For exposing clear 4th Amendment violations, he is a hero. Manning on the other hand, did it out of liberal gay angst and got people killed by releasing actionable intelligence.

LarsPorsena said...

Ricks nails it. This guy is the Agee of this generation.

edutcher said...

Martinkh said...

If he had this access, then Obama hacks had it too. And what do Obama hacks do with power? Abuse it.

I think you just broke the code.

Methadras said...

Manning is a traitor because his deeds have probably gotten Americans on the ground killed. Snowden's outing of the NSA Prism program only highlighted what we suspected and only has come to light. We don't believe that it has resulted in the deaths of any Americans. Instead the outrage that our government has been spying on us in such a wholesale way is the problem. Is he a hero or a villain? I haven't made up my mind yet. However, the fact that I and any other American that gives a shit seems to carry some weight in his favor.

John Lynch said...

Hong Kong is China. Did everyone forget that it's part of the PRC now?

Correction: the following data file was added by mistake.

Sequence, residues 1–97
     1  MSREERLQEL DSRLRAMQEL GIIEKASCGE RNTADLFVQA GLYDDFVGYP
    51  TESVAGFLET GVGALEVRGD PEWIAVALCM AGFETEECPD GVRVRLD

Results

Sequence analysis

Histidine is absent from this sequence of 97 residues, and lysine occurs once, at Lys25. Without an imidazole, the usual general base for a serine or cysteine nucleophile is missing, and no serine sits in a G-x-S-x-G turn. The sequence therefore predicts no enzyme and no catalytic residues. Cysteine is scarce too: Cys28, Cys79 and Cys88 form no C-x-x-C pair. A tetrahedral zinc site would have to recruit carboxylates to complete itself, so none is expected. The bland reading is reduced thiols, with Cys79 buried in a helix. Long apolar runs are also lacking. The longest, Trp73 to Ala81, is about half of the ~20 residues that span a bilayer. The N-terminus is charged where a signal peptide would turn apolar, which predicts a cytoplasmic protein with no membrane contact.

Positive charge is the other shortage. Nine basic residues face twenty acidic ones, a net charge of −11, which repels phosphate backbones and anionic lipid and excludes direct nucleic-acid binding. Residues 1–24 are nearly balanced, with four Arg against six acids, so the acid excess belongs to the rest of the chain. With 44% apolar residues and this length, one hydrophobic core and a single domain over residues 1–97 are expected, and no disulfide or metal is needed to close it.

Ann Althouse said...

"Contemn" was just the right word there. I wasn't trying to be weird (or unusually educational).

I was looking for the opposite of "smile upon."

leslyn said...

What Snowden says about his personal history is grandiose and unverified. (Except that he worked as an IT contractor with NSA in 2013.) To hear him say it, he's the spy of the century (both for the CIA and against it). When the WaPo didn't guarantee what and when they would print, Snowden said he regretted their relationship was not "unilateral." (Arrogant, much?) He contacted The Guardian, as early as February 2013.

I'm curious to know where he was from 2009 to 2013. Snowden says he was under CIA diplomatic cover as an IT specialist in Switzerland.

HAHAHAHAHA.

He says the CIA will pay off "the Triads" to get him. (Bwaa haaa haaa!) and he knows this is "the end of his life" "for as long as that may last." (Oh help, gasp, I need air.)

He tears up when speculating about government retribution against his family, many of whom he says work for the U.S. government. (Again, unverified.)

He says he left everything, even his girlfriend. True; she lived with him in a house in Oahu. They rarely went outside or spoke to anyone. Their garage was full to the brim with their moving boxes from the day they moved in until the day they left, May 1. (Never unpacked?) I bet the girlfriend is going to be surprised when she gets charged with obstruction, conspiracy, or as an accessory.

Then Snowden surfaces in Hong Kong, CHINA, saying he's there because of their freedoms. (HAHA.) Hawaii is the best jumping-off place for a trip to Hong Kong. Not like D.C., where most BAH employees are sited, and which would be a MUCH better jumping-off place for Snowden to seek asylum in Iceland.